Heralded Ohio State transfer Quinn Ewers, making his first career start, threw an interception on his second pass against ULM but otherwise did a good job keeping Texas ahead of schedule: He completed 9 of 11 passes for 171 yards and a touchdown on first down. But after a 23-yard pass on its first play from scrimmage last weekend against Alabama, here’s what Utah State was able to muster on its next nine first downs (which more or less covers the competitive portion of the game): rush for minus-two yards, one-yard rush, incomplete pass, rush for minus-four yards, rush for no gain, pass for minus-two yards, seven-yard rush, rush for no gain, rush for minus-one yard. In total, the Aggies lost one yard on those nine first-down plays. I can’t see Texas moving the ball with such early-down ease as it did against its overmatched opening opponent, and I think Alabama will cover here.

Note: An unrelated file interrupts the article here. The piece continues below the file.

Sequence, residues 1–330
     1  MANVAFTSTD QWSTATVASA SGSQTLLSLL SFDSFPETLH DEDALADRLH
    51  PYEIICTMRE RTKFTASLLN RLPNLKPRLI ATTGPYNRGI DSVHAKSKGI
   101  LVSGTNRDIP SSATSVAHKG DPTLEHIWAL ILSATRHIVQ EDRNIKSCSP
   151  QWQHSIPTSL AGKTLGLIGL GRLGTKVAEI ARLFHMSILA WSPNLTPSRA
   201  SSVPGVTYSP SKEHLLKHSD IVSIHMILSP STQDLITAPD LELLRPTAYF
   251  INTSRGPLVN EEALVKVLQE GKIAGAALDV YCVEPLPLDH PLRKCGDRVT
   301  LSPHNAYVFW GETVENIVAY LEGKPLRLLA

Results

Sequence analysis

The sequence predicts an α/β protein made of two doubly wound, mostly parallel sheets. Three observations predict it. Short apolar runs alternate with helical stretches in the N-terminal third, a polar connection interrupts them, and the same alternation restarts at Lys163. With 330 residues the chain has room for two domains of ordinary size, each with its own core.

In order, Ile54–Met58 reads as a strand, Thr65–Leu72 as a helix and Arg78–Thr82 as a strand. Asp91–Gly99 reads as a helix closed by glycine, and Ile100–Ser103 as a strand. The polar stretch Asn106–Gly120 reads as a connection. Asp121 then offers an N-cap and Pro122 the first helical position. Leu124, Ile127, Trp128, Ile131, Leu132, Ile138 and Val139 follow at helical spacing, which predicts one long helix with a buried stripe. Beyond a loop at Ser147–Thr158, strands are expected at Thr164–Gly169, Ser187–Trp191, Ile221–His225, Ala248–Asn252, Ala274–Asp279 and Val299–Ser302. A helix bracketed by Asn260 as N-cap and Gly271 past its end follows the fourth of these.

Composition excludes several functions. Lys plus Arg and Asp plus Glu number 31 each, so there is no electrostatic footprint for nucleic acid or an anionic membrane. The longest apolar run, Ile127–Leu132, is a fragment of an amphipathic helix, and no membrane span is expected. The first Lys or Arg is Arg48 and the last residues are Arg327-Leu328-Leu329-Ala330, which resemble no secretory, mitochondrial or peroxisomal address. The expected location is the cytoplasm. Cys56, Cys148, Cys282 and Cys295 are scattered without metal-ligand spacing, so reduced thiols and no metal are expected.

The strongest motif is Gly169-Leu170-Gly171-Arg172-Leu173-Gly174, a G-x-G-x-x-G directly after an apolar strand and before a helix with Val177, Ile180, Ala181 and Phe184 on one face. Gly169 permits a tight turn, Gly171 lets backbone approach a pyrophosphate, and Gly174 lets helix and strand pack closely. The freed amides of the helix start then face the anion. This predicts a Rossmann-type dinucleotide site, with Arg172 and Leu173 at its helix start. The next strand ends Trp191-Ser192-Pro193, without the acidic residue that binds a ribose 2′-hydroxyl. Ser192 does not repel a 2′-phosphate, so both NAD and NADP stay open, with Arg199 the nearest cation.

No. 19 Wisconsin (-17.5) vs. Washington State, 3:30 p.m., Fox

The Cougars’ overall lack of talent — ESPN’s Bill Connelly counted no players who were either four- or five-star recruits on their roster and only seven former three-star recruits in his season preview — was on full display in their season opener, when Washington State struggled to put away visiting Idaho in a 24-17 win. Now we’re asking this unheralded bunch to keep things close on the road against a Big Ten contender? Yikes.

Against the Vandals, Washington State quarterback Cameron Ward threw three touchdown passes but completed 25 of 40 passes for only 240 yards, a paltry six yards per attempt. The Badgers held Illinois State quarterback Zack Annexstad to just 186 passing yards and picked him off twice in last weekend’s 38-0 win.